No matter what profession you’re in, success skills are your foundational skills — the skills that drive your success. Whether you’re running an automotive agency, a farm, or a golf course, you have to keep track of what you do, you have to set clear goals on what you want to improve, and you have to be organized enough to make it happen.
In sales, you can have all of the other great skills we always talk about, like closing skills or prospecting skills, but until you master success skills, you can still find yourself stuck in the mud some months when it comes to improving your sales and income.
Track, Average, and Chart
Once you develop the “success skills” of tracking, averaging, and charting, you’ll control your future.
Everything that happens in every major company or sport is tracked, averaged and charted. Why? So they can identify the areas they can improve. To continually grow in sales, you need to do the same thing. First, track your basic sales opportunities and your core selling activities. Next, track your results from those opportunities and activities.
1. Track your opportunities by type, including incoming calls, emails and online leads, and floor traffic. Don’t forget walk-ins, be-backs, and repeats and referrals. Why? So you focus your time spent with your best types of opportunities.
2. Track your business development activities, including number of mail outs, prospecting calls, unsold follow up calls, emails sent, appointments set, and appointments that show. Why? To focus your time on the business development activities that produce the most results.
3. Track your selling activities: presentations, demos, committed writeups, and uncommitted writeups. Why? So you know the number of demonstrations, presentations, and write ups that it takes you to make a sale.
4. Track your results, including units, gross, commission per sale (by customer type), and total bonuses and spiffs each month. Average It. Keep a 90-day running average of all of your opportunities, activities, and results. Why? Because a good month or a bad month doesn’t make or break you, but a negative trend in almost any area could.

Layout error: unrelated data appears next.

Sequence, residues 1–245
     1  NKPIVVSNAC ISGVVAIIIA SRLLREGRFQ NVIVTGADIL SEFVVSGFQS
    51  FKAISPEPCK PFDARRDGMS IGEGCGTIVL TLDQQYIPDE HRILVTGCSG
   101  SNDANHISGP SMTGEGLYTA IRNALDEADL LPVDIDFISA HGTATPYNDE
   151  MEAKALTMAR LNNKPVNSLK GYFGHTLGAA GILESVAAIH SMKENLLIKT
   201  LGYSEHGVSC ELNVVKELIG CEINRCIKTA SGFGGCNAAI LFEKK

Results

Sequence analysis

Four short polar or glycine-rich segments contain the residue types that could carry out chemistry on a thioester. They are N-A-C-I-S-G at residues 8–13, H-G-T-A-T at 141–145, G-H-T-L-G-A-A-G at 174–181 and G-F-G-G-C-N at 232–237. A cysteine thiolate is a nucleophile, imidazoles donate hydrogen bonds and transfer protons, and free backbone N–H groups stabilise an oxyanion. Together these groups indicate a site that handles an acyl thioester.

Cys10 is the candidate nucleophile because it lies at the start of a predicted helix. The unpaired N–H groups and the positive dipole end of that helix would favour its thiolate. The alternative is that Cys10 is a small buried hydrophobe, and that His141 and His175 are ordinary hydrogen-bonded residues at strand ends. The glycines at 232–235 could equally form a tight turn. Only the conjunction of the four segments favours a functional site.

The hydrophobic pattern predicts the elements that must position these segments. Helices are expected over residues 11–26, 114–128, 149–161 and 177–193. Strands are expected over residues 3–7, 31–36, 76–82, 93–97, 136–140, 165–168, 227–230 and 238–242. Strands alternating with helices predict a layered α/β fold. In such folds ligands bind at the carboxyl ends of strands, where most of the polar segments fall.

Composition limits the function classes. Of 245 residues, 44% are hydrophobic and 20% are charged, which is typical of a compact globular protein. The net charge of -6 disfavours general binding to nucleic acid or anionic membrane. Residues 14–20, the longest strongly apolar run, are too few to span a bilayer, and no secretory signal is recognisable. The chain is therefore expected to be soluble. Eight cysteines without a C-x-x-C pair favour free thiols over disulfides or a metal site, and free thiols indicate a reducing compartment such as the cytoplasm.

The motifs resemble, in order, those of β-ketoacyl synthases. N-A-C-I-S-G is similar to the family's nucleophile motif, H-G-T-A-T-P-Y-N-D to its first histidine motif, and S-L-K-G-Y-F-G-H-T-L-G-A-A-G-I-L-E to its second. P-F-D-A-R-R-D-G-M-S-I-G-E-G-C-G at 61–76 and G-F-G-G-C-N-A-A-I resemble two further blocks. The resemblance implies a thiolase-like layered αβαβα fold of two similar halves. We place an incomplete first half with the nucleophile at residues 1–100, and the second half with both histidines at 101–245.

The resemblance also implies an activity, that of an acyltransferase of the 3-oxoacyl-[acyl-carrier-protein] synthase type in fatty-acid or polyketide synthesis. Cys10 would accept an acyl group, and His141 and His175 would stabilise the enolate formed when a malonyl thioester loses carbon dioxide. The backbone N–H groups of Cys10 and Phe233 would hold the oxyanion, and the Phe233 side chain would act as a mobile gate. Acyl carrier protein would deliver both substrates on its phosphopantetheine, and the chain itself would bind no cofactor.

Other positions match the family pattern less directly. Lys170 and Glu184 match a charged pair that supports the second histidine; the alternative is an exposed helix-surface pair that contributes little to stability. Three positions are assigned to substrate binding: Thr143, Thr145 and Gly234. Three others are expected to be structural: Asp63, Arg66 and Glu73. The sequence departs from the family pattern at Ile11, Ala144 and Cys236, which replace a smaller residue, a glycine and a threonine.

5. Now chart it to show month and average in each area, so you can see a clear picture of what you’re doing. Charts are easy; updating each takes just one dot and one line.
Do everything I just said for three months, and I guarantee you’ll become aware of what you’re doing, and you’ll improve. Is it too much trouble? Do you not have enough time? Nah, that excuse won’t work — all of this takes you just seconds per day, not hours.
Add to Your Toolbelt
Here is a short rundown on three other types of success skills you can work on to improve. Improving in any of these skills can help you increase your sales.
1. Goal-setting skills: You can accomplish anything, but success will not come to you just because you work hard. You have to be clear about what you want to accomplish, and then create an “action plan” to make it happen.
2. Organizational skills: There really is no such thing as “time management.” The only things you manage are the activities that use up your time each day. The highest achievers work smart, not long. They’ve learned to go-to-work-to-work and use every minute of their day. They stay busy all day either getting more prospects on the lot, selling a vehicle, or following up and prospecting to develop and retain their own customer base.
3. Computer skills: There is no excuse for not using contact management, follow up, or any other piece of software that will help you manage your career. Ask your 6-year-old to teach you.
4. Communication skills: Writing, spelling, grammar, talking, listening, body language, tone, and inflection are all actual skills you actually need now. When you’re with a dealer, there should be no cussin’, no crude or stupid jokes, and skip all opinions about sex, religion, politics, or famous people in jail. Just sell.